1862 Justinus Kerner a German poet, practicing physician, and medical writer.
1863 Enrico Marconi an Italian architect who spent most of his life in Congress Poland.
1865 Stapleton Cotton 1st Viscount Combermere a British Army officer, diplomat and politician. As a junior officer he took part in the Flanders Campaign, in the Fourth Anglo-Mysore War and in the suppression of Robert Emmet's insurrection in 1803. He commanded a cavalry brigade in Sir Arthur Wellesley's Army before being given overall command of the cavalry in the latter stages of the Peninsular War. He went on to be Commander-in-Chief, Ireland and then Commander-in-Chief, India. In the latter role he stormed Bharatpur—a fort which previously had been deemed impregnable
1865 Constant Troyon born in Sèvres, near Paris, where his father was connected with the famous manufactory of porcelain.
1866 Manuel Felipe de Tovar President of Venezuela from 1859–1861.
1866 Madame Saqui a noted French tightrope walker or "rope dancer." For a time she had her own theatre, which she had re-decorated. She continued to perform into her seventies. In her day she was something of a celebrity and is mentioned in Vanity Fair by William Makepeace Thackeray
1872 Pavel Gagarin a Russian politician and statesman from the Rurikid Gagarin family.
1875 Augustus Raymond Margary a British diplomat and explorer. The murder of Margary and his entire staff, while surveying overland Asian trade routes, sparked the Margary Affair which led to the Chefoo Convention
1876 Grand Duchess Maria Nikolaevna of Russia (1819–1876) a daughter of Emperor Nicholas I of Russia, sister of Alexander II and aunt of Alexander III. In 1839 she married Maximilian, Duke of Leuchtenberg. She was an art collector and President of the Imperial Academy of Arts in Saint Petersburg
1879 Sher Ali Khan Amir of Afghanistan from 1863 to 1866 and from 1868 until his death in 1879. He was the third son of Dost Mohammed Khan, founder of the Barakzai Dynasty in Afghanistan
1880 Izmail Sreznevsky a towering figure in 19th-century Slavic studies.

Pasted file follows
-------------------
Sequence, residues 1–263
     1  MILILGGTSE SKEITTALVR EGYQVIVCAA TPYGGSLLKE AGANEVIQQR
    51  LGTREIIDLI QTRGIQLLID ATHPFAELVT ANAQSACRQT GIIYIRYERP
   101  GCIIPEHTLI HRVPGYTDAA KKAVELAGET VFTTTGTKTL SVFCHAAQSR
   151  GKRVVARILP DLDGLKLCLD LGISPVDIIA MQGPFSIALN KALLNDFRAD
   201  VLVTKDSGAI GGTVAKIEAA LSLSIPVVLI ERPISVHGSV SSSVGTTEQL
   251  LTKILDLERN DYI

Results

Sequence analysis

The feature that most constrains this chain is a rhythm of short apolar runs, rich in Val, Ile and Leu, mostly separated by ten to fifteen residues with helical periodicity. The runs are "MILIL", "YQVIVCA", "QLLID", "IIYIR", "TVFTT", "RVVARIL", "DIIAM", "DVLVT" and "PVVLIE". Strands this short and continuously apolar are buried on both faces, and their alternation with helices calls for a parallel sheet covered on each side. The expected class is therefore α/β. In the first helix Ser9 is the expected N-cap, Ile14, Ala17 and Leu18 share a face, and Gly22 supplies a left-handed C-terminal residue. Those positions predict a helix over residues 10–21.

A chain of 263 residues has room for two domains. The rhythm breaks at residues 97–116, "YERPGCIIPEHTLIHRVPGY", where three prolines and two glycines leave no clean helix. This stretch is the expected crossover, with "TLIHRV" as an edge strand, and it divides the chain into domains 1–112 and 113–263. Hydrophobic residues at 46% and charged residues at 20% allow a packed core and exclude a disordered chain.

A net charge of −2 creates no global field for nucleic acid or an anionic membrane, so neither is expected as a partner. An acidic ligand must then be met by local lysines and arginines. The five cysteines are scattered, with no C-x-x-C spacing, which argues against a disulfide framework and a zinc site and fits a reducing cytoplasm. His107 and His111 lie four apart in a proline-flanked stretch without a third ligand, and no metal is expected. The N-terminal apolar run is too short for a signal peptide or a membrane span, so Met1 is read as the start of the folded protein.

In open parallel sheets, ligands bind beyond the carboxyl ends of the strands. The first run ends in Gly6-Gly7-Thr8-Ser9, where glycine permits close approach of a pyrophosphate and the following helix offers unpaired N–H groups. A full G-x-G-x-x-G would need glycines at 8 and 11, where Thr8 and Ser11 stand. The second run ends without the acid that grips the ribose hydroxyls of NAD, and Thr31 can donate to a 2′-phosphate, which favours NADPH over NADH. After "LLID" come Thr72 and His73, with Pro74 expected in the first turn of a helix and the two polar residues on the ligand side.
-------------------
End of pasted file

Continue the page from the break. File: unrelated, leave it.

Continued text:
1886 Jozef Miloslav Hurban a leader of the Slovak National Council and the Slovak Uprising in 1848/1849, a Slovak writer, journalist, politician, organizer of Slovak cultural life and a Protestant priest. He first supported Ján Kollár, but later turned to Ľudovít Štúr. His son Svetozár Hurban-Vajanský followed his father's footsteps both as a writer and nationalist
1891 James Timberlake an American law enforcement officer, Civil War soldier, farmer and rancher who served as a deputy U.S. marshal for the Western District of Missouri. Timberlake is best known for being the chief enforcer and investigator against the James-Younger Gang, beginning in the 1870s, which culminated in the death of the outlaw Jesse James on April 3, 1882, at the hands of Robert Ford
1894 Gustave Caillebotte a French painter, member and patron of the group of artists known as Impressionists, though he painted in a much more realistic manner than many other artists in the group. Caillebotte was noted for his early interest in photography as an art form
1899 George Bowen a British author and colonial administrator whose appointments included postings to the Ionian Islands, Queensland, New Zealand, Victoria, Mauritius and Hong Kong.
1900 Marthinus Nikolaas Ras considered the father of South African Artillery.
1900 Charles Piazzi Smyth Astronomer Royal for Scotland from 1846 to 1888, well known for many innovations in astronomy and his pyramidological and metrological studies of the Great Pyramid of Giza.
1902 Emil Holub a Czech physician, explorer, cartographer, and ethnographer in Africa. In a 2005 poll, he was voted #90 of the 100 greatest Czechs
1909 Georg Semper a German entomologist who specialised in Lepidoptera.
1910 Boutros Ghali the prime minister of Egypt from 1908 to 1910.